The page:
Whose minister?

I always appreciate the things that William Willimon has to say, be they in his books, sermons, or now on his blog. In fact, of all the people that Doug has the opportunity to correspond with and meet in his position at Fuller, it was Willimon who I got most excited about (he is coming to teach a preaching course for the DMin program this next year). I think I might visit Doug every day that week at the office for the chance to possibly meet the guy!

This week Willimon posted on the role of the pastor in the local church. He speaks from his tradition in the United Methodist Church (the denomination where Doug’s mom serves as an ordained minister) where he serves as Bishop, and his reflection gave me a lot to think about. There are many voices arguing today for quite the opposite of what Willimon suggests in terms of how and where the pastor’s time should be spent (that pastors should spend a large portion of their time out in their community, serving those not yet in the church, etc.). As a minister, I find myself torn in how I think about these issues. I would love to hear others’ thoughts…


  1. I think your thoughts are right on. We have allowed our congregants to dictate how we, as pastors, spend our time, and the reality is they like to be spent in service to them. While I believe part of our jobs should involve this aspect, it should not dominate our time. The Church exists for those who don’t belong first, and second for those already “in.”

  2. I adore Willimon too … I’d be acting like a groupie the week he comes to see Doug.

    I’ve wrestled with this question about pastoral role for a number of years too, but from a very different perspective — as a policy person who wants the church to be “salt and light” because that’s the only true and lasting answer to the social problems I see, but who loves the church and takes very seriously the responsibility not to impose utilitarian projects on the body of Christ. The policy world tends to deal with blunt instruments, and so the nuances are hard to carry and the risks loom large indeed (much too large during the Bush faith-based years, if you ask me).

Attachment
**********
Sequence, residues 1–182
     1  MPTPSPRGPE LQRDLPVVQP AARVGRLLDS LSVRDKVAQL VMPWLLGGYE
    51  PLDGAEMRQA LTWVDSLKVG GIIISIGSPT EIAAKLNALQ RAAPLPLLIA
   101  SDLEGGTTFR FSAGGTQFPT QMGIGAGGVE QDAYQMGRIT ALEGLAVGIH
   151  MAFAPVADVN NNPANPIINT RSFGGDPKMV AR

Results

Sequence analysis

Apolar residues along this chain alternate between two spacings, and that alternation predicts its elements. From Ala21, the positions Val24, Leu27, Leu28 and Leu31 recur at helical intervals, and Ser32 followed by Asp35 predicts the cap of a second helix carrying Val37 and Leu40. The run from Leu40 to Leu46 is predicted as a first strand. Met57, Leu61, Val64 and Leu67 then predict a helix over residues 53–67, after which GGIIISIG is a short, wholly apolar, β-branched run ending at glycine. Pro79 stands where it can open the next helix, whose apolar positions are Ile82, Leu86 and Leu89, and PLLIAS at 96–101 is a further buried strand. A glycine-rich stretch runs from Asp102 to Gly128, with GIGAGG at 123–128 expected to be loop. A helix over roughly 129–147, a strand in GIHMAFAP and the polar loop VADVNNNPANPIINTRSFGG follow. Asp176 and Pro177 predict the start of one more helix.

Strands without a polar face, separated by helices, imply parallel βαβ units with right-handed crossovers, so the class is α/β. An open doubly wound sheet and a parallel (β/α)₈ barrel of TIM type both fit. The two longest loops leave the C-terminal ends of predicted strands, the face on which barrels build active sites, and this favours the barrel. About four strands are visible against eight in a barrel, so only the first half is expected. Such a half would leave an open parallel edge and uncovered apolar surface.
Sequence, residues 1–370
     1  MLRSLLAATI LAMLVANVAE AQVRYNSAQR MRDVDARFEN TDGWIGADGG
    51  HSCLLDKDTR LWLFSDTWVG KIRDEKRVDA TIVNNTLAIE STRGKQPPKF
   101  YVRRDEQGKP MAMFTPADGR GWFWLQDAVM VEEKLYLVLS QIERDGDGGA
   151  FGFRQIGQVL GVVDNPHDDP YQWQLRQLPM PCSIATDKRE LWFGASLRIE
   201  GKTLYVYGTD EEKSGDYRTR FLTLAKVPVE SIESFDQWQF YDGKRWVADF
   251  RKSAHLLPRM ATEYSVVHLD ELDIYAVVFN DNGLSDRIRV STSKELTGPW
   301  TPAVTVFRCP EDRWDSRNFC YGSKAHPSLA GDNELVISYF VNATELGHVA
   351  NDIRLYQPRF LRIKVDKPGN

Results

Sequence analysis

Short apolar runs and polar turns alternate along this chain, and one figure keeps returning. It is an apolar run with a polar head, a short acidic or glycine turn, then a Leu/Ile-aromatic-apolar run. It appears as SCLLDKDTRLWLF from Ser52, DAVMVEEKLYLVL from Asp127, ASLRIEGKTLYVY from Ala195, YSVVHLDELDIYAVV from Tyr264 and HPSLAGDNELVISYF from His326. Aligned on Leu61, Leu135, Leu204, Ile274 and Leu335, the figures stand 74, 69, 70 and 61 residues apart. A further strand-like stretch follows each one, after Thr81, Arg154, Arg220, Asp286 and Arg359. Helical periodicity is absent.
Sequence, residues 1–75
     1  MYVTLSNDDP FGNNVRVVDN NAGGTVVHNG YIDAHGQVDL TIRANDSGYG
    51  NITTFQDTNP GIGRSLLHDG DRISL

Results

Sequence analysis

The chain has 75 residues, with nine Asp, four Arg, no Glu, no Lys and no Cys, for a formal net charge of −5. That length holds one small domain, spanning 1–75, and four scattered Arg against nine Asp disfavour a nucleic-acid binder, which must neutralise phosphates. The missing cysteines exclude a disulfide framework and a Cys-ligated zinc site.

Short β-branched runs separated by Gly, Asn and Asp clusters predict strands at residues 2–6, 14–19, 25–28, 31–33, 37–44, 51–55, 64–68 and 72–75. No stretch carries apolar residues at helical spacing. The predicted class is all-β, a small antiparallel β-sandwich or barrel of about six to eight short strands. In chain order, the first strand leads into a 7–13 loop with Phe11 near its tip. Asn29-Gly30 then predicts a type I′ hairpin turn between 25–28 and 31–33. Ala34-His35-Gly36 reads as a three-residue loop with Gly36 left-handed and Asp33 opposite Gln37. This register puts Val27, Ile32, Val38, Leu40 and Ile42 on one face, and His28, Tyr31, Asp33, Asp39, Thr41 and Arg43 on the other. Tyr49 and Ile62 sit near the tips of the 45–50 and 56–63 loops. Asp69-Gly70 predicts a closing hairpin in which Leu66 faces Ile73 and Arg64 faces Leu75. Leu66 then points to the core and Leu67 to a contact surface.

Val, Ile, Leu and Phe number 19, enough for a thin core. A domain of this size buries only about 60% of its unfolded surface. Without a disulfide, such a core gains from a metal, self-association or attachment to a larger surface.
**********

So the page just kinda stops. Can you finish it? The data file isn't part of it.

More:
Most of my searching (questing?) has been driven by an effort to create the right enabling conditions to help pastors best play their God-given role. The possibilities expand, I think, when we think about the pastoral role in the context of a larger community organizing effort where there is some division of labor and the whole is greater than the sum of the parts. In that context, the pastor’s prophetic role is enormously significant and some of the service-to-the-world can be carried on the backs of others, to relieve the local pastor of what are atlas burdens … Also to protect the pastor from undue entanglement with partisan politics, which to me is a no-no but also a dilemma for those trying to minister in inner cities in particular, where the lives of so many are dominated by tax-based institutions.

    I believe that we are sitting on the cusp of a potentially historic moment in which it is more important than ever to answer these questions with boldness and discernment. I see the policy world evolving to a point where it is right now possible to ask the questions and find fresh answers. But I must immediately add an important corollary. I know by direct observation that the policy world would not have evolved in this way, if not for a few extremely brave pastors who heard and answered a unique call placed on their lives, reminiscent of Dr. Goldingay’s piece “Old Testament Prophecy Today.” I prize the examples of these few more than my heart can say and, having witnessed their bravery from a ringside seat, will be determined for the rest of my life to make sure I do my part for the other 6,999.

    I’m very afraid I’m consuming more than my fair share of talk-space, so I will continue this with you off-line … One last public note of thanks for raising topics that permit no short answers. You have the most important job in the world, and witnessing your integrity encourages my heart daily.

  3. Dustin,

    Great to have your comments here!

    Actually, Willimon is arguing for the opposite of what you suggest (and what resonates with me). He writes:

    “Years ago, my friend John Westerhoff said, ‘If you are a layperson and you are spending more than fifteen hours a week at church, you are wasting your time. That is not your ministry. You are not to run errands for the pastor at church, you are to join in Christ’s ministry in the world.’

    Westerhoff continued, ‘And if you are a pastor who spends more than fifteen hours a week working in the world, you are wasting your time. The work of the laity is too tough for them to do that work without being equipped and enabled to do that work. Your job, as pastor, is to equip them for their baptismal work in the world.'”

    I find his suggestions intriguing (and reminiscent perhaps of Eugene Peterson in some ways). Yet my path as a minister has been quite different–so much of my time and energy has always been devoted to those “outside”. Which is why I found his post so provocative!

  4. Jennifer,

    Your work and vision is so very crucial and inspiring–I am clearly privy to more of it than others reading here, but I so appreciate you sharing pieces of it!

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